I think it’s important to celebrate the milestones. This past Saturday was an extremely eventful one for me as a writer. I delivered my first public reading. The video above captures the full recitation of my tale, Feeding Time, complete with an oddly noisy air-conditioner near the story’s climax.
Overall, it was a great experience, and I am honored that the Ligonier Valley Writers picked my flash fiction work as the winner. While at the event, I also got to meet and listen to the other talented writers who entered the contest. Each story contained its own uniquely fascinating elements.
Finally, I wanted to thank everyone who made the trip out to support me. There are a few people who deserve special mention. The first two are my father and step-mother, who recorded the video above. The next are two of my Seton Hill writing mentors, Jason Jack Miller and Heidi Ruby Miller, they even brought a very cool Seton Hill alum with them for the fun. Fourth is my fiancée’s best friend who tagged along with all the shenanigans this past weekend. Lastly, my wonderful fiancée herself. She never fails to support, and read, the crazy things I spew out of my brain onto a page.
These little residency recaps are getting harder to do the farther I get into Seton Hill’s Writing in Popular Fiction Program. All I want to do is tinker with my novel or craft a new short story. Speaking of, I have one that’s been accepted for publication in a small-press magazine. When it’s released, I will be sure to share access to the tale everywhere I can.
My fifth residency in the program is now over. It tore through my life like a tornado. By the end, I was thanking Cthulhu for my survival. Each residency has gone by faster than the last one. If you enter the program, you should prepare for that eventuality with the appropriate time dampening technology. It’s too late for me to salvage this past residency, but it’s not too late for you to salvage your future one.
That said, I managed to retain a few awesome lessons despite the residency’s speed. Most painfully, I learned that you should apply sunscreen when driving from Greensburg to Camp Hill. I arrived home in a sun-soaked delirium with cooked skin. Less painfully, I learned that the New Pulp genre is as cool as Old Pulp, where H.P. Lovecraft rose from. Heidi Ruby Miller taught a great class on the subject. I also learned, from Jason Jack Miller, that Folk remains a pretty great source for the creation of new fiction. On my third day of the Residency, I got a fantastic crash course on sending out novel queries from a real-life publishing agent, Ms. Rachel Ekstrom Courage. Lastly, I received a spookily good lesson on the Five Senses of Dread from Dr. Michael Arnzen. On top of those modules, I got to take part in a variety of workshops with dozens of talented writers of multiple genres. Oh, and I haven’t even mentioned that I got to listen to two entertaining and enlightening talks from romance author Beverly Jenkins.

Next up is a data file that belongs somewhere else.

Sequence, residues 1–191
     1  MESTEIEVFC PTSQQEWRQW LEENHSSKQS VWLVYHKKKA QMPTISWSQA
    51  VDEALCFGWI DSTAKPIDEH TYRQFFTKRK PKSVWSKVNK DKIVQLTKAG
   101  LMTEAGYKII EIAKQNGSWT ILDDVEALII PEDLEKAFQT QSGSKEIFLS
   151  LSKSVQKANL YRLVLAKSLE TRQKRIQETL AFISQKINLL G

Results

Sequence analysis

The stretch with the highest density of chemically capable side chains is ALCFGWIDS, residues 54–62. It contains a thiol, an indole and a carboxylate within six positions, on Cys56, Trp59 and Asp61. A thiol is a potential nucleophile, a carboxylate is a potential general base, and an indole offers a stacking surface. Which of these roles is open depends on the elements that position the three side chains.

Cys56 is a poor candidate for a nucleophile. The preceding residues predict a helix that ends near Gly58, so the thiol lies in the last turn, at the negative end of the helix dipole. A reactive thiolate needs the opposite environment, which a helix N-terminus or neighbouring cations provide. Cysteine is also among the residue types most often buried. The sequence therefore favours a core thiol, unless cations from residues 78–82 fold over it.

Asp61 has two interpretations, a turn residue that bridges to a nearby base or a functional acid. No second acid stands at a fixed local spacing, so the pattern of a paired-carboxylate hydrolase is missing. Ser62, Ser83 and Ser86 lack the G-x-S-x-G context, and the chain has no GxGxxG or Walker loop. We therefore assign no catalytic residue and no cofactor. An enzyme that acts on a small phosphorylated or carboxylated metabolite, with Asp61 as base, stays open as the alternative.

Now, with all that said, I didn’t just occupy my time learning while I attended classes. I also got to convey the lesson I spent the last part of my Teaching Popular Fiction class preparing. Thanks to fellow writer Dana Jackson, I even managed to do so with the inclusion of a YouTube clip I wanted to show (Seton Hill’s technology infrastructure is made for Macs, and I own a PC). My lesson on How to Write a Satisfying Ending came out fine, if a little fast due to my nerves. I still wish I could have delivered the lesson earlier in the residency, but the schedule disagreed with me. Either way, I made it through the class and the week. If I can finish editing one hundred and thirty-six pages and respond to my mentor’s feedback, I will be graduating during my next trip to Seton Hill in January. That’s something I wasn’t even sure would happen at the beginning of 2017. What a difference a year, combined with a huge amount of hard work, makes.
I wanted to share this fun assignment I did for Seton Hill’s Writing in Popular Fiction Program. I needed to teach a simple process for my Teaching Popular Fiction class. I decided to instruct viewers on how to play Game of Thrones: Westeros Intrigue. It’s a super simple card game I’ve had for a few years now. Initially, I filmed a great video with the help of my brother, but the game I originally chose, Pandemic: Reign of Cthulhu, was too long to adequately explain in the assignment’s four-minute time limit. So, I scrambled to put this together with the help of my amazingly wonderful fiancée.